The Late Monsieur Gallet (also known as The Death of Monsieur Gallet) by Georges Simenon (1903 – 1989) was first published in 1931. It is the third Inspector Jules Maigret novel that I have read. I think I like this one the most, so far. Still, I am giving it the same rating as the first that I read, Pietr the Latvian. I think that Maigret’s brooding, aloof manner really suits this storyline very well. The mystery was revealed carefully enough to complement Maigret’s personality.
These are short novels, so far. M. Gallet was only 155 pages in the Penguin Classics edition (2013) that I read. Its nice and noir, so to speak, how Simenon gives us such bare bones stories with so much character in them. I do not feel like I missed out on anything, that the book was lacking in some obvious respect, or that the story needed to be expanded in any direction.
Some of the phrases and sentences are slightly awkward. They are not maligned, but just ever-so-slightly off. I assume that is the translation, though. I have enough French that I could get through Simenon, but I have yet to see a physical copy of one of these novels in French. So, every once in awhile a sentence is a little less than smooth. It usually seems fine because it melds with the noir feeling and Maigret’s ever-somber personality.
The story begins 27 June 1930 and it is a hot summer, a fact that seems to wear heavily on Maigret. In the low 90°s throughout the novel. Maigret, of the Flying Squad, is sent to investigate a murder in Sancerre (just about the center of France, south of Paris). Strikes me as a bit absurd – having Maigret with his imposing stature being in the Flying Squad. He travels to Saint-Fargeau by train in the heat to meet with the family of the deceased. He meets the Madame Gallet and informs her of the situation – but the whole time, he seems distracted and set at great unease by the temper and status of the household.
One of the things that I enjoy about Maigret is how he very much allows his thoughts to take control of his movements and attitude and he is little swayed by the, let us say, smoke and mirrors that appear around him. From this first experience at the Gallet home, Maigret is never able to shake a feeling of wrongness that pervades his whole investigation. There is also a particular prop that is collected here and remains with Maigret and the reader throughout the novel.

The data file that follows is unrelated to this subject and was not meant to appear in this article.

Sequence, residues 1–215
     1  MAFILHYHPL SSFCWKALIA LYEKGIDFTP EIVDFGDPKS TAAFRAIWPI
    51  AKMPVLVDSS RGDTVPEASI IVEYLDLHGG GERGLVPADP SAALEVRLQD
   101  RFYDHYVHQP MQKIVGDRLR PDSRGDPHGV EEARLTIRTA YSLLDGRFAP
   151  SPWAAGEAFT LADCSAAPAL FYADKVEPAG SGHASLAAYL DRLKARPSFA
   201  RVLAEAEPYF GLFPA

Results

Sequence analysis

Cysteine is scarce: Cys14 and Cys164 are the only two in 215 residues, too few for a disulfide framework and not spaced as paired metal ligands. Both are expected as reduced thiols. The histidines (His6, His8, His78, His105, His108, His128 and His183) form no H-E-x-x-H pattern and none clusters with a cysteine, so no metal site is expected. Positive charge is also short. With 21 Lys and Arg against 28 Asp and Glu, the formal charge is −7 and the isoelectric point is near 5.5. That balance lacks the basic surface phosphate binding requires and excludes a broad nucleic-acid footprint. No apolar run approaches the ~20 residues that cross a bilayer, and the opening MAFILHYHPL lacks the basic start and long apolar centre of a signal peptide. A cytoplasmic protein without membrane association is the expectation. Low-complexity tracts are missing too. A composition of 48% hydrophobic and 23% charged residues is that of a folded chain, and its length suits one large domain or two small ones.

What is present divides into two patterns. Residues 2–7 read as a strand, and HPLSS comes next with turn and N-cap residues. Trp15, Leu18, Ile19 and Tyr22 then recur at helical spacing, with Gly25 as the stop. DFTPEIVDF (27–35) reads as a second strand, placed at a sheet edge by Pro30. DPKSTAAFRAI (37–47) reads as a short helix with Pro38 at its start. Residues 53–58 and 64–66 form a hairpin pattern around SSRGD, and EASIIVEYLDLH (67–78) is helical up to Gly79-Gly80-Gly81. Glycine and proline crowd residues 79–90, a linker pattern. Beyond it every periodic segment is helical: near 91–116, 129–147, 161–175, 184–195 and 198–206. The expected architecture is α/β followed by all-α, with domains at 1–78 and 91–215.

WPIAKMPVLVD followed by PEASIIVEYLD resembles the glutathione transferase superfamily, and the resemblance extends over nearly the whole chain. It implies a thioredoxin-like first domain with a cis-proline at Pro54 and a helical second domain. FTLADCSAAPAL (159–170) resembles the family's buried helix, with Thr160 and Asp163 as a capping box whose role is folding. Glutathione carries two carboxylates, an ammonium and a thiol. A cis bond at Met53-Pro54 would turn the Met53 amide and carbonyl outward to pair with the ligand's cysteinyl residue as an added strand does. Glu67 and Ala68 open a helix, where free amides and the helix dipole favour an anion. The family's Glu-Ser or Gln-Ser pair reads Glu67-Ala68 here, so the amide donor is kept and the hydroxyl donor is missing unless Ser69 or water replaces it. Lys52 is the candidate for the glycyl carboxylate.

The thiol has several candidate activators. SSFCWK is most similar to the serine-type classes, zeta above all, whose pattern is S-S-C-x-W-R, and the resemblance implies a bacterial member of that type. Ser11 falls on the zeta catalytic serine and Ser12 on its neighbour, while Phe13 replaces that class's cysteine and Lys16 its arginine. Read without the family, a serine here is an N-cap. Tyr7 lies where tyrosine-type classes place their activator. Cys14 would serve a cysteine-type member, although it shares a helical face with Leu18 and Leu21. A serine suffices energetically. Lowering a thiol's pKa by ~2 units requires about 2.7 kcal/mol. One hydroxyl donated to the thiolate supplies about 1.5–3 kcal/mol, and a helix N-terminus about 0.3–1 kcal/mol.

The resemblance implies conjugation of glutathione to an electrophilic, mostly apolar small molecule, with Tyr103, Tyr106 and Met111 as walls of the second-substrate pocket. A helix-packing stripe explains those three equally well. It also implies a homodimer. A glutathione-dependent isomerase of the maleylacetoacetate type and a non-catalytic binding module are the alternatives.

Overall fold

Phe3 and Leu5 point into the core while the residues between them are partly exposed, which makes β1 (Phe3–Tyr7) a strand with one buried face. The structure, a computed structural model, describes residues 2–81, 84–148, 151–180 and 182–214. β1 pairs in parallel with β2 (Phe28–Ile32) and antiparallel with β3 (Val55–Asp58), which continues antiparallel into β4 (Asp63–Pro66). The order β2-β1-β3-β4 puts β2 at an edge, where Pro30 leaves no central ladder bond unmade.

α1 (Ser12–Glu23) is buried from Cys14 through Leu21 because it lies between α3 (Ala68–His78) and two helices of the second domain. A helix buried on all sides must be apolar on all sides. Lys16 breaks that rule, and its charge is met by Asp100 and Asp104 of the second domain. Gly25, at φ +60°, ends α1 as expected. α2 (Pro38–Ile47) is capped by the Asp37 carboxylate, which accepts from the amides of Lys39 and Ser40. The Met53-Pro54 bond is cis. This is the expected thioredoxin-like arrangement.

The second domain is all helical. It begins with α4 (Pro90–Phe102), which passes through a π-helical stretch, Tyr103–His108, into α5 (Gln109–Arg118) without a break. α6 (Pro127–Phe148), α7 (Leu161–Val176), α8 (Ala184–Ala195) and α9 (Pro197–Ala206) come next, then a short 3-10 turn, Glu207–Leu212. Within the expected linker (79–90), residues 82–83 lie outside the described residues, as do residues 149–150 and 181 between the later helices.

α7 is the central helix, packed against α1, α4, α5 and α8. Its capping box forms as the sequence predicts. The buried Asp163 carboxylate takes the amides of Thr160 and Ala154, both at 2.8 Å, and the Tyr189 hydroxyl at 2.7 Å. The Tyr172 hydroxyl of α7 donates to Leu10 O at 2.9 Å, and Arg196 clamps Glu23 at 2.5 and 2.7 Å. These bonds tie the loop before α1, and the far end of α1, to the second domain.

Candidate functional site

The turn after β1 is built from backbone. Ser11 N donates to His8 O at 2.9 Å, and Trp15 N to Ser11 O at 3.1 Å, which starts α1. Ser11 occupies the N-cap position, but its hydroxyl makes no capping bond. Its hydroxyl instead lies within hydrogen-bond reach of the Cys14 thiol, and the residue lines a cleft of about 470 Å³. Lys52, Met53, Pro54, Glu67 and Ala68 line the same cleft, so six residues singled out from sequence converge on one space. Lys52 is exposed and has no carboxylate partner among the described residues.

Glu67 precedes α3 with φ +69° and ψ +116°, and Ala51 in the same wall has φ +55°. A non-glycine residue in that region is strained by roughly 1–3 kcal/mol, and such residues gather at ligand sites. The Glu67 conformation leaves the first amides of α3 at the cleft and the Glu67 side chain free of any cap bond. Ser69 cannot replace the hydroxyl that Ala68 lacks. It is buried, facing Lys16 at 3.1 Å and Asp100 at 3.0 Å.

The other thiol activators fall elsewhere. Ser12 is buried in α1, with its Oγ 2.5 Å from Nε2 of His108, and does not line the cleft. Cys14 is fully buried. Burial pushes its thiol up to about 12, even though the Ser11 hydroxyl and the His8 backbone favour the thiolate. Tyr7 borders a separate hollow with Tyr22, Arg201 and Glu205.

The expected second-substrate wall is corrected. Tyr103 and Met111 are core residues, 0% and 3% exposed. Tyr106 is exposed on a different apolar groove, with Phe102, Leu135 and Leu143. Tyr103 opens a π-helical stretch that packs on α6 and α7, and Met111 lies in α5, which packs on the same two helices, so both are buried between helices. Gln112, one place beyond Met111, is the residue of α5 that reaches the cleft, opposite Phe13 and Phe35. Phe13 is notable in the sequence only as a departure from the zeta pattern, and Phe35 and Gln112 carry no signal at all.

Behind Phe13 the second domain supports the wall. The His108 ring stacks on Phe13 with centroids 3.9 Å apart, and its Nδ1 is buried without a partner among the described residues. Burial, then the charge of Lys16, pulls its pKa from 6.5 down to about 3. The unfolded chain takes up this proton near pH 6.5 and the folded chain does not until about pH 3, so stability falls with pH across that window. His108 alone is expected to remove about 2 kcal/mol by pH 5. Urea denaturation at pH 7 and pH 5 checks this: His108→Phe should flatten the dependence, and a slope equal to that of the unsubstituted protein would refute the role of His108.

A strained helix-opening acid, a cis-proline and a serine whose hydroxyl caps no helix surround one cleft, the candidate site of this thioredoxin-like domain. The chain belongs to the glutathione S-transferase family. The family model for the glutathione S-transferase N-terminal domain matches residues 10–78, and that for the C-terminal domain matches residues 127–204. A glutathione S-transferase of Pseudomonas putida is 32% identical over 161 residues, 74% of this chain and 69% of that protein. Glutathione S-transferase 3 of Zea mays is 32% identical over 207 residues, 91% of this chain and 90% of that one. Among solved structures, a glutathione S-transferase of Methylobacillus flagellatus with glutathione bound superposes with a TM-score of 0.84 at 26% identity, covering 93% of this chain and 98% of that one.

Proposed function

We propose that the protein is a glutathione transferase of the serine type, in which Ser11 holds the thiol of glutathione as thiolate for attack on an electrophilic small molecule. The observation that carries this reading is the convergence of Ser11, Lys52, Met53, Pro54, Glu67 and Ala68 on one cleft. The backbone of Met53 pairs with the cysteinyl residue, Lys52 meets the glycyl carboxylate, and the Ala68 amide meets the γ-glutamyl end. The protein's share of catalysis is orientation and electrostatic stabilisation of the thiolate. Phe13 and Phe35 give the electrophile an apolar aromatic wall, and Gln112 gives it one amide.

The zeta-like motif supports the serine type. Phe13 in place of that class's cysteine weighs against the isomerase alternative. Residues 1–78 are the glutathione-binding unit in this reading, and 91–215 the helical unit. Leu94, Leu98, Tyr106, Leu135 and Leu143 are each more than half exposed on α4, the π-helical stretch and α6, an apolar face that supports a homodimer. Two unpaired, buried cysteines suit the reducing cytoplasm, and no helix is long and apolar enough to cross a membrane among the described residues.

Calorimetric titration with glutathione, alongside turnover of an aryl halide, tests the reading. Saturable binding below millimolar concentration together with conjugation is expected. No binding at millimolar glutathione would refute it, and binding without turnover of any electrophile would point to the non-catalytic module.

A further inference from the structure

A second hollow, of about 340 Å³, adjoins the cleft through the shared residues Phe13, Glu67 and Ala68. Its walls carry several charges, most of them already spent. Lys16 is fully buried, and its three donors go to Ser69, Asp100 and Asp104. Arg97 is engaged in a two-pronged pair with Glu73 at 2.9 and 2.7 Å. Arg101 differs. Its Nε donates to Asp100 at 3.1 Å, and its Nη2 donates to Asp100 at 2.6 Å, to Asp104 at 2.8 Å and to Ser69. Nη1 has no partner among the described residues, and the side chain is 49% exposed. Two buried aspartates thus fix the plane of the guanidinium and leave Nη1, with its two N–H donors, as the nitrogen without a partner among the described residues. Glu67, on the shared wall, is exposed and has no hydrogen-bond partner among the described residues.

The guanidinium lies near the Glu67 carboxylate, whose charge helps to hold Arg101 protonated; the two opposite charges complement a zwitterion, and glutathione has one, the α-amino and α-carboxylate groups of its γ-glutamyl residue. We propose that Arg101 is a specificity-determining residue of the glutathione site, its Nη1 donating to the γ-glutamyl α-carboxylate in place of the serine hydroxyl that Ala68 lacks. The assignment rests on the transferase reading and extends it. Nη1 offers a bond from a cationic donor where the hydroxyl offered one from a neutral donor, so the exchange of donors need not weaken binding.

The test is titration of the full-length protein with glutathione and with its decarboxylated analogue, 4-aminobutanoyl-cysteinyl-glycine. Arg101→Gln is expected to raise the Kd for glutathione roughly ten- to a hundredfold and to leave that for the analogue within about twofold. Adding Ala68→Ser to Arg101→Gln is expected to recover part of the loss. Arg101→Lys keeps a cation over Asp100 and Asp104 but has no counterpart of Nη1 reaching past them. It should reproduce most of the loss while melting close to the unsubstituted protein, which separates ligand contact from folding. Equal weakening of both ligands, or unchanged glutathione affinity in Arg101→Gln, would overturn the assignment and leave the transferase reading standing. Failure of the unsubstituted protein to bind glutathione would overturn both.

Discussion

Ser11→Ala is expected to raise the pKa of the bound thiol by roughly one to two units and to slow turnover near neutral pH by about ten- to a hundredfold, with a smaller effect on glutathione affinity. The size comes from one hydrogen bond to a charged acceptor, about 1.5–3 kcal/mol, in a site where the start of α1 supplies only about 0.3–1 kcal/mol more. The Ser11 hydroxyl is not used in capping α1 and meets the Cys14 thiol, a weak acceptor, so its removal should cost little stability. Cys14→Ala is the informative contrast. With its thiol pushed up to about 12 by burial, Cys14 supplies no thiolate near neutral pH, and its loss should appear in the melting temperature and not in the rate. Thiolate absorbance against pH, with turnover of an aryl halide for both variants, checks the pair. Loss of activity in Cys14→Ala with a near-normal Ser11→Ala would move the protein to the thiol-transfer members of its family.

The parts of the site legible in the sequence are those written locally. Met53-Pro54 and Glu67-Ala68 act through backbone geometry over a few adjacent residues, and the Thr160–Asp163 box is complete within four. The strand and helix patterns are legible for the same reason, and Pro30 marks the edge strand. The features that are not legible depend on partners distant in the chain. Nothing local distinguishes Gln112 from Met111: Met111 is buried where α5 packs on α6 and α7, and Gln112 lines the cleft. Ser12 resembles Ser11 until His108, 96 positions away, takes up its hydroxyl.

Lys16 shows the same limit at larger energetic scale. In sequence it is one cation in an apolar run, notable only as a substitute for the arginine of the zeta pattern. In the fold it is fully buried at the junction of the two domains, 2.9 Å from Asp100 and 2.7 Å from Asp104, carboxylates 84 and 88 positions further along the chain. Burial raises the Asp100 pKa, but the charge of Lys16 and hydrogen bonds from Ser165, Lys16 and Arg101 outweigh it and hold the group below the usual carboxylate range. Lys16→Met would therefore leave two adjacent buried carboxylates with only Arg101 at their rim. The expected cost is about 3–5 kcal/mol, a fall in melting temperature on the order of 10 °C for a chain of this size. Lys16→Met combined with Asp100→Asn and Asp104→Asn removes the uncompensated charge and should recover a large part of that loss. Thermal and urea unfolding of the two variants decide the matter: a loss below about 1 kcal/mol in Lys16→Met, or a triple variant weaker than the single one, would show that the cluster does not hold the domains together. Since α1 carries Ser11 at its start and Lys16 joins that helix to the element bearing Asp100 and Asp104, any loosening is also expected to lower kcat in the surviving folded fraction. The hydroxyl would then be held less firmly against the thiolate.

It was so extraordinary that the picture the inspector was constructing for himself made him feel an indefinable anxiety, as if it evoked certain phenomena that shake our sense of reality. – pg. 57, chapter 4
Anyway, once in Sancerre, we meet a variety of other characters as Maigret gets to the typical work of detecting. We meet an almost-charming landholder and we are pestered by an enthusiastic hotelier. There is a sort of femme fatale going about who is first described as similar to a Greek statue. The deceased has been shot and stabbed and no one seems to have very much information at all. Maigret’s sense of unease and dissatisfaction with the case continues to haunt the pages.
Every criminal case has a feature of its own, one that you identify sooner or later, and it often provides the key to the mystery. He thought that the feature of this one was, surely, its mediocrity. – pg. 23, chapter 2
In a sense Maigret’s gut-instinct here in the beginning is quite valid, but it plays out in an unexpected and interesting way. I do not want to give away the plot, but mediocrity is such a significant term for this novel. Ironic and paradoxical.
The plot is relatively unique and I did not really see what had happened until it happened. It is not complex – once it is demonstrated. However, the looming, angry Maigret during the big reveal is a terrible and frightening image. This is not a novel that will restore a reader’s faith and hope in mankind. There are some crooked and selfish characters in this one that will make readers as dissatisfied and sour as Maigret. But there IS Maigret – the bulky and brooding detective that ferrets out these ugly incidents of human action and is the reader’s consolation because he, too, is angered and repulsed.
This is a quick read and most vintage mystery readers ought to be familiar with it, I think. I like the economy of the novel and the strength of the main characters. Overall, while it is not a cheerful read, it is a solid noir-type mystery.